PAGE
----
In Idaho, the odds of bagging a moose may get longer

Eric Barker / Salt Lake Tribune /

Idaho moose hunting permits have always been a coveted draw with the longest of odds.

But it’s getting even more difficult to land one of the desirable tags. In response to declining moose numbers, the Idaho Department of Fish and Game is proposing to reduce the number of moose tags in many of the Clearwater Region’s hunting units.

If approved by the Idaho Fish and Game Commission, it will be a continuation of a trend that has seen the number of Clearwater Region moose permits plummet over the last decade.

In 2004, the department offered 262 moose permits in the region. If the agency’s proposal for the 2013-14 seasons is approved, only 98 hunters will draw tags.

“It’s been a fairly precipitous drop and it’s been fairly steady over the last 10 years or so,” said Dave Koehler, a wildlife biologist with the department at Lewiston.

The agency doesn’t have hard data on moose numbers. Instead it relies on the success of hunters and anecdotal field sightings to gauge the health of the moose herd. By those measures, moose are struggling, particularly in units south of the Lochsa River.

Koehler said the department prefers to have moose hunt success rates at or above 75 percent. After falling short of that goal, the department started cutting the number of tags offered in many of its hunt areas.

“You would expect — if things worked the way you want them to when you cut permits — you would see a jump in hunter success,” he said. “Hunter success has pretty much been stable over time and there have just been fewer permits.”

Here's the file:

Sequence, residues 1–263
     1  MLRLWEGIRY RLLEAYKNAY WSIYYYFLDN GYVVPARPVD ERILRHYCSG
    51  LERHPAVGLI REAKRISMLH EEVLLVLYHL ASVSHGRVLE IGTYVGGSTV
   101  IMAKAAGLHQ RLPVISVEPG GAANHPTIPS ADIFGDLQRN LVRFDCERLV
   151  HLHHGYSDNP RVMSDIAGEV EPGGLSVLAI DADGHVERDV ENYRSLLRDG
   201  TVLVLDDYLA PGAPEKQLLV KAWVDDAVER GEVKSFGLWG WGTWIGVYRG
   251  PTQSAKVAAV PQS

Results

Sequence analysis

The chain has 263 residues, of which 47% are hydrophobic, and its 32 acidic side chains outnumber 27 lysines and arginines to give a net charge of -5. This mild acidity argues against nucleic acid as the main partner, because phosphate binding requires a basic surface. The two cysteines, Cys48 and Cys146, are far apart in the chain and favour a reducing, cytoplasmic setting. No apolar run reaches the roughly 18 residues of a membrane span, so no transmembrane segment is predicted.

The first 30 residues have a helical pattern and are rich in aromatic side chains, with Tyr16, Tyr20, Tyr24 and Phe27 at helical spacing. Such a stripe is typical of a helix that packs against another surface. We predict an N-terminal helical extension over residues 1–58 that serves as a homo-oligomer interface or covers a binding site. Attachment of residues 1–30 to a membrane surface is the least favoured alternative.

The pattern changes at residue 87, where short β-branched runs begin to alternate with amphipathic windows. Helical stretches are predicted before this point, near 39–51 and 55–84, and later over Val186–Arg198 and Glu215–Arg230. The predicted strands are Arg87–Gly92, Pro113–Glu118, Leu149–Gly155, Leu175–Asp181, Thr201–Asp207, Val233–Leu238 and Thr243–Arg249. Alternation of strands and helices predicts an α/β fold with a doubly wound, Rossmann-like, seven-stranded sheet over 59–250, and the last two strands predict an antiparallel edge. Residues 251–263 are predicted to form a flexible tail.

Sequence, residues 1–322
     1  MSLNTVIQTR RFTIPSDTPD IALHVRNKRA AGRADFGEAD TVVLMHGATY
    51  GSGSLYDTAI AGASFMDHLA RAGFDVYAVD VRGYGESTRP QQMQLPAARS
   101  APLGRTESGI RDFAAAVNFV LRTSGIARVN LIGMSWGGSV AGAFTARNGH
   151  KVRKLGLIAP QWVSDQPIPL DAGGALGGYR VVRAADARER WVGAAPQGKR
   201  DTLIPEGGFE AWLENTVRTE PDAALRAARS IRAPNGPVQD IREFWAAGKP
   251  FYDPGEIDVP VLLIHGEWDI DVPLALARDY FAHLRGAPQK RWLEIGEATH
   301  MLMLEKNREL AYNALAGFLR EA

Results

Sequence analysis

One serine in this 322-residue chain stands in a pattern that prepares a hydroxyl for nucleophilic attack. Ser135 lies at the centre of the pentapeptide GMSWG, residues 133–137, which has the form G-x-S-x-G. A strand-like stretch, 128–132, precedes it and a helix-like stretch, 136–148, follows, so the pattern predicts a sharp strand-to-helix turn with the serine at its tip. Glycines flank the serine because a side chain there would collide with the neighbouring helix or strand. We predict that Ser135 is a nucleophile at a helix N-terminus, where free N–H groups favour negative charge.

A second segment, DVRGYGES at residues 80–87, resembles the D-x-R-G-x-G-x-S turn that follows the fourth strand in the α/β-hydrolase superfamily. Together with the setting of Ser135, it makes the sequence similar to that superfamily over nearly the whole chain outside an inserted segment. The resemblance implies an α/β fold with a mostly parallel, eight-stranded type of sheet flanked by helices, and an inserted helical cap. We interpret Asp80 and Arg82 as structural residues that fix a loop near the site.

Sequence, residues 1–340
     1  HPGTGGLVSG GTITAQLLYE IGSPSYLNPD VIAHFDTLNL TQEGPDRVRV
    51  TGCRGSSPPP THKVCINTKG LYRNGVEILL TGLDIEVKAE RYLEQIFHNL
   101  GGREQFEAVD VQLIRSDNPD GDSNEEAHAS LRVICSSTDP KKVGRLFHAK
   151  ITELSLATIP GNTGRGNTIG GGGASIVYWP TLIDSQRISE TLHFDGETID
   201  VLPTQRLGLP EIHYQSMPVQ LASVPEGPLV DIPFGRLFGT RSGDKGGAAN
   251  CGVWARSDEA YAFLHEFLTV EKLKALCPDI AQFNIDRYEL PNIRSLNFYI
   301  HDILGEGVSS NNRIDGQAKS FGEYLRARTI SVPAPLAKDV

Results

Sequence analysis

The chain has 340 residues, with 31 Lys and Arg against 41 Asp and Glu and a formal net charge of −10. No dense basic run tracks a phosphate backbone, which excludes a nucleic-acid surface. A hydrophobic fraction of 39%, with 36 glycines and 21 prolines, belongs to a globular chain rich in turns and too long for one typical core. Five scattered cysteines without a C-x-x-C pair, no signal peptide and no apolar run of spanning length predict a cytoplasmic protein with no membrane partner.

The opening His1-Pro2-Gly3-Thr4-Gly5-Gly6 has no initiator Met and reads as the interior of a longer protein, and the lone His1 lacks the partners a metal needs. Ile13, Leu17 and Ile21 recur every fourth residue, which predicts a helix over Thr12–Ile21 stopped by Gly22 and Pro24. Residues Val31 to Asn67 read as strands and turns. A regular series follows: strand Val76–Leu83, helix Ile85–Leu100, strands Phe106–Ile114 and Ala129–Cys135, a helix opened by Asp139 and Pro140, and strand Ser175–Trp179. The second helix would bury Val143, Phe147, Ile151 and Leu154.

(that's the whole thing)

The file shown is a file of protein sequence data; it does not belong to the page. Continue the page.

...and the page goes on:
The decline isn’t confined to Idaho. Moose numbers have been falling across the West and in the upper Midwest. Wolves are an obvious culprit. But Koehler said while predators are part of the problem, they may not be the most important factor. Scientists say habitat changes, parasites and warmer temperatures related to climate changes are believed to be major drivers of the decline.

It’s not all bad news for moose and moose hunters in the region. The department is proposing to increase permits in Units 8 and 8A. Hunter success rates in the two units have been at or near 100 percent for more than a decade.

The department will hold an open house meeting from 8 a.m. to 5 p.m. Jan. 3 at the Clearwater regional office to take comments on its moose proposal. Those who attend will be able to visit with department personnel about the proposed changes and provide their written comments.

Those unable to attend the open house can comment at, or by calling the Clearwater regional office at 208-799-5010. Comments can also be submitted via email to, or by mail to Moose, Goat, Sheep Comments, c/o Idaho Fish and Game, P.O. Box 25, Boise ID 83707. Comments are due by Jan. 14.

The proposed changes will be submitted to the Idaho Fish and Game Commission for consideration and action during its annual meeting Jan. 16-18 in Boise.

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